RNA - The 104-seat legislature approved Monday the resolution, which had been tabled by Senator Mushtaq Ahmad Khan from Jamaat-e-Islami Pakistan party.
The document underlined the need for “a just, fair and peaceful solution” to the issue of Palestine based on UN General Assembly and Security Council resolutions, which call for “the establishment of a sovereign Palestinian State, safe return of all Palestinians to their homes and lands currently in illegitimate possession of Israeli settlers in breach of international law, and stopping the acts of aggression against Palestinians.”
It also urged the Pakistani government to take steps to summon an emergency meeting of the Organization of Islamic Cooperation (OIC) in an attempt to “chalk out a consensus-based strategy, with due regard to the rights and legitimate interests of the Palestinian people as recognized by the international law.”
Islamabad, it added, should also summon a special UN General Assembly session to hear the Palestinians and other stakeholders, and explore options for a peaceful resolution of the conflict.
Pakistan’s Senate further expressed dismay at Tel Aviv’s continued occupation of Palestinian territories, detention of hundreds of Palestinians in Israeli jails, and the relentless oppression of Palestinian people by the regime forces.
The scheme that US President Donald Trump calls “deal of the century” is “tantamount to an instrument of humiliating surrender for the Palestinians before the oppressor and the aggressor,” it noted.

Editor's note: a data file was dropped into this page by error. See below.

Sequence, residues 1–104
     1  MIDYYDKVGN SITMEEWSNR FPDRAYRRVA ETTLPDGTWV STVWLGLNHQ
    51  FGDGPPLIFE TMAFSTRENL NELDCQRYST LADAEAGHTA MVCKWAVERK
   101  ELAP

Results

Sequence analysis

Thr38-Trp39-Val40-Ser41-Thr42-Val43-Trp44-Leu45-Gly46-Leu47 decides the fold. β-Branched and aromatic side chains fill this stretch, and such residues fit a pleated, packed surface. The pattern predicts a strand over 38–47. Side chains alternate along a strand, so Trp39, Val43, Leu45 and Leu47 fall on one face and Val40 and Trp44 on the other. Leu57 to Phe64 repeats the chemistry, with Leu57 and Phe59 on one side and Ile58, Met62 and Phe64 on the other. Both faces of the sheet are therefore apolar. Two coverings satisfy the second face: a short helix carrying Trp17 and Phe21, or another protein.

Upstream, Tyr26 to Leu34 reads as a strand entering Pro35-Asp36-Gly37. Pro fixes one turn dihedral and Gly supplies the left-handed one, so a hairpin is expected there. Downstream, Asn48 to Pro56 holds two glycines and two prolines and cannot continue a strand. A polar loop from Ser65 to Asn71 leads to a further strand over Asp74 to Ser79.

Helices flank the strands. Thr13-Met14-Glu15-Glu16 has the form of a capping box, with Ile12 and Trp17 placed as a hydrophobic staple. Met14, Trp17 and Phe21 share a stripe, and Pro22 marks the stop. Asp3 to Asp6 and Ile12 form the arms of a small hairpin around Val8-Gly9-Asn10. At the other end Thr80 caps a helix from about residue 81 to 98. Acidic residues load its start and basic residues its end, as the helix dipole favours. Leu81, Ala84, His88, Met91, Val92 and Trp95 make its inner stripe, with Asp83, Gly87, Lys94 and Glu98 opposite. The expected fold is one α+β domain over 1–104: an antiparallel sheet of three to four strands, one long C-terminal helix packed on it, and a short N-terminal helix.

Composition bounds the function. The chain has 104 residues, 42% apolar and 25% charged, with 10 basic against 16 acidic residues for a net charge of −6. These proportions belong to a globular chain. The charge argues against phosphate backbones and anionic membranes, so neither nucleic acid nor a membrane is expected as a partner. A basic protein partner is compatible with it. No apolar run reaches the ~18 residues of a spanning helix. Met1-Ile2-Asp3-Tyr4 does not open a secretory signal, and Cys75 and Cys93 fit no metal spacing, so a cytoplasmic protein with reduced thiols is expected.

The Senate also stressed that a peaceful and just solution to the Palestine issue is “in the larger interest of world peace and security,” demanding continued aid and technical assistance to the Palestinian nation.
The Mideast plan was drawn up by the Trump administration in coordination with the Israeli side. Trump released his controversial Middle East plan during an event at the White House alongside Israeli Prime Minister Benjamin Netanyahu in Washington on January 28.
All Palestinian groups have unanimously rejected Trump’s initiative that largely meets Israel’s demands in the decades-old conflict while creating a Palestinian state with limited control over its own security and borders.
It enshrines Jerusalem al-Quds as “Israel’s undivided capital” and allows the regime to annex settlements in the occupied West Bank and the Jordan Valley.
The scheme also denies the right of return of Palestinian refugees into their homeland, among other controversial terms.
The United Nations as well as with many individual states — including those friendly to Israel — have emphasized the need for a two-state solution based on the borders in place before the 1967 war, when Israel seized the West Bank and Gaza, among other Arab territories.